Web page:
y position based on its velocity. We also check to see if the platypus is off screen. If it is we remove the evil duckhog from the game and update the score by calling a simple
updateScore function that adjusts the score and updates our scoreTxt text field.
Finally, and very critically, we call
stage.update(). This tells EaselJS to redraw the scene to our canvas. If we don’t do this, the game runs, but you are unable to see it, because the visuals never update.
We’ve already wired our interaction by adding the
click event handler to our platypuses, but we need to handle the event.
handleBalloonClick function manages this interaction. Notice that the handler accepts a single eventObj parameter. EaselJS passes a
MouseEvent object to this function which gives us some useful data, including the target display object.
We know the hit came from a balloon, but we’re really interested in the platypus it’s attached to. Just like in ActionScript, we can move up in the display list using the
parent property. Once we have a reference to the platypus, the rest is easy – we just tell it to play its pop animation.
We can control the timeline using commands like play(), stop(), and
gotoAndStop(). Using timeline scripting we can also have the timeline communicate with our game logic to inform us of significant events. In this case, we’ve included the following timeline code at the end of our pop animation:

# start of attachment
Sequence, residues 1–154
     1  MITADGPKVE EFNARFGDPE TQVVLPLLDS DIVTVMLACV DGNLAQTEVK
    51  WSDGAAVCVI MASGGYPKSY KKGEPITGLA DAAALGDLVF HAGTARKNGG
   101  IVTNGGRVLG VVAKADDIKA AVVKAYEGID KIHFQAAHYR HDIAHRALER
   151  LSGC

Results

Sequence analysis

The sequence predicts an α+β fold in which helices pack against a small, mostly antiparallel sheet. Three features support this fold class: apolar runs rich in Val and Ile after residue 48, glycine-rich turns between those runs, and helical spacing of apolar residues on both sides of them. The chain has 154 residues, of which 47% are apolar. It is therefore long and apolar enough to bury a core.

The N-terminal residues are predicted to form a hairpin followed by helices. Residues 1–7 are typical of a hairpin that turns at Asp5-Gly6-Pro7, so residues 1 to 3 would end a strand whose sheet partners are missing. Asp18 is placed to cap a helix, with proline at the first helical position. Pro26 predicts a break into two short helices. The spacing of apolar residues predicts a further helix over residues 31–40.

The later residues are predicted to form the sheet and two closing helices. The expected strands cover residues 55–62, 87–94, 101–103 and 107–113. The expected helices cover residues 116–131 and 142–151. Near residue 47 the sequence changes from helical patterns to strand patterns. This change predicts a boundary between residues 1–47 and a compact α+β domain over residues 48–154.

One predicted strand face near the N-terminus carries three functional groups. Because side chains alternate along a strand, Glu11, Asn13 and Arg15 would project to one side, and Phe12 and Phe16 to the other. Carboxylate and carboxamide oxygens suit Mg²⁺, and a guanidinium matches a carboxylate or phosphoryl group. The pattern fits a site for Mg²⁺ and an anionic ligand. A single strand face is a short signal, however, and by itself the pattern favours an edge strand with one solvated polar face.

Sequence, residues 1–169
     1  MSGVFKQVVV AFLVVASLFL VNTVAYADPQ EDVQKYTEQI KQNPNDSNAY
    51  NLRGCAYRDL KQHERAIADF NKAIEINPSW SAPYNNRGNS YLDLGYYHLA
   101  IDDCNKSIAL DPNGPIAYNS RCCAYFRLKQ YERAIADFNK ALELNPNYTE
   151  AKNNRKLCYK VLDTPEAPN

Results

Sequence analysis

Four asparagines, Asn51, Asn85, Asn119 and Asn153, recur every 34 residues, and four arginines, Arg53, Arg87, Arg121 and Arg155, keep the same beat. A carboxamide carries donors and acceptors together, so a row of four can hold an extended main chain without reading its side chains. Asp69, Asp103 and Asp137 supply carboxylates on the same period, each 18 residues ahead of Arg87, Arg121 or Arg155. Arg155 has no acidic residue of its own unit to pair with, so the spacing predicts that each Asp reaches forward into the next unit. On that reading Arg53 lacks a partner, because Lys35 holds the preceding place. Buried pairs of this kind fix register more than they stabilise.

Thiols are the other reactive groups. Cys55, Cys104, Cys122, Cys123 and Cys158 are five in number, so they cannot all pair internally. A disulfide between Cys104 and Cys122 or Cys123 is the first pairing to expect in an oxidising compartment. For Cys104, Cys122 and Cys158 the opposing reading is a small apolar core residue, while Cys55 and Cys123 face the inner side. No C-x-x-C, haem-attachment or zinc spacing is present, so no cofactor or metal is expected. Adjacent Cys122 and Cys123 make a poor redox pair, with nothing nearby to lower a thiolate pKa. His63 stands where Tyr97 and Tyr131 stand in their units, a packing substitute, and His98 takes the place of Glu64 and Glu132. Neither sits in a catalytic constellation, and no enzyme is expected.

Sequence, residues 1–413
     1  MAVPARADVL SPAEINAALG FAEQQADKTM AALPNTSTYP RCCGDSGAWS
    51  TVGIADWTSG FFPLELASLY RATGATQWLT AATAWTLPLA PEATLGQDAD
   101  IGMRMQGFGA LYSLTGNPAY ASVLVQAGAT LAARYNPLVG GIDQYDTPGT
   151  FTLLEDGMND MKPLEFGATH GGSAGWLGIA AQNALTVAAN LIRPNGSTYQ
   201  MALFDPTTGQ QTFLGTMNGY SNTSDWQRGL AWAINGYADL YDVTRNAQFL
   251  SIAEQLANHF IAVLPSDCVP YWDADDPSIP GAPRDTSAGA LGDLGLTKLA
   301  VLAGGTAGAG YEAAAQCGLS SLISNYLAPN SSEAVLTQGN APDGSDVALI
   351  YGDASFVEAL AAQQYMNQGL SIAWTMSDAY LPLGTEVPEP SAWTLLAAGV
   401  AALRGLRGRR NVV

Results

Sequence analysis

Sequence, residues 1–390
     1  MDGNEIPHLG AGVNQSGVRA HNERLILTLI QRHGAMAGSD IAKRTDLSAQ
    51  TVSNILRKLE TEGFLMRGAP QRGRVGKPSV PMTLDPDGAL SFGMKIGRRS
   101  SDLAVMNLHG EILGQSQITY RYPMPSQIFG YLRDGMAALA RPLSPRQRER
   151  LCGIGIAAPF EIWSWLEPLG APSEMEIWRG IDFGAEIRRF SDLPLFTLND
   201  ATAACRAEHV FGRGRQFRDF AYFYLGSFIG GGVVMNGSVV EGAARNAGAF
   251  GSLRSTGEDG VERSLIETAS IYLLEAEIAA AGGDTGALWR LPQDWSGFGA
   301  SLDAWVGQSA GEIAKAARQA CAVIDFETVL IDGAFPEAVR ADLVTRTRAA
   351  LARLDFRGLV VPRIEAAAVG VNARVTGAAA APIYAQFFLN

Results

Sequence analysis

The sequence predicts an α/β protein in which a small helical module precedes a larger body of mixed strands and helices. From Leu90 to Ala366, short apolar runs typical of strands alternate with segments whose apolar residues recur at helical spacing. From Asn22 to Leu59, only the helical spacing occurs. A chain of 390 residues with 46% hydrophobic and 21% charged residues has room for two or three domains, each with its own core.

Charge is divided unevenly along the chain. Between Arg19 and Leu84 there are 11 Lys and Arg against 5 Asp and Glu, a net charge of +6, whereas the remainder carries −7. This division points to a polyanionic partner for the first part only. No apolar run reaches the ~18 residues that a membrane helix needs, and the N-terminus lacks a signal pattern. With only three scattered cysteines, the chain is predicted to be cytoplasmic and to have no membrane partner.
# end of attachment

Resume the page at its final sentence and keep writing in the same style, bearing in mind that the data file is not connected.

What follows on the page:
This causes the timeline to dispatch a custom event of type “pop” to any listeners. All DisplayObject classes use EventDispatcher to dispatch events.
handleBalloonPopped to handle this event. It simply flags the platypus as falling. The tick function handles everything else for us.
That’s it! We’ve built a simple HTML5 game using Toolkit for CreateJS and the CreateJS libraries, and it took less than 100 lines of custom code. There’s obviously a lot you could do to extend this game, and we could perform quite a few optimizations to make our graphics render more quickly, but that’s a topic for another article. Hopefully this has introduced you to the basic concepts and workflow you can use to build amazing HTML5 content in Flash Pro.
For more information and documentation on Toolkit for CreateJS visit the Adobe Developer Connection.
For more information and documentation on the CreateJS libraries visit the CreateJS website.
To get the basics on how the Toolkit for CreateJS works, read Using the Flash Professional Toolkit for CreateJS.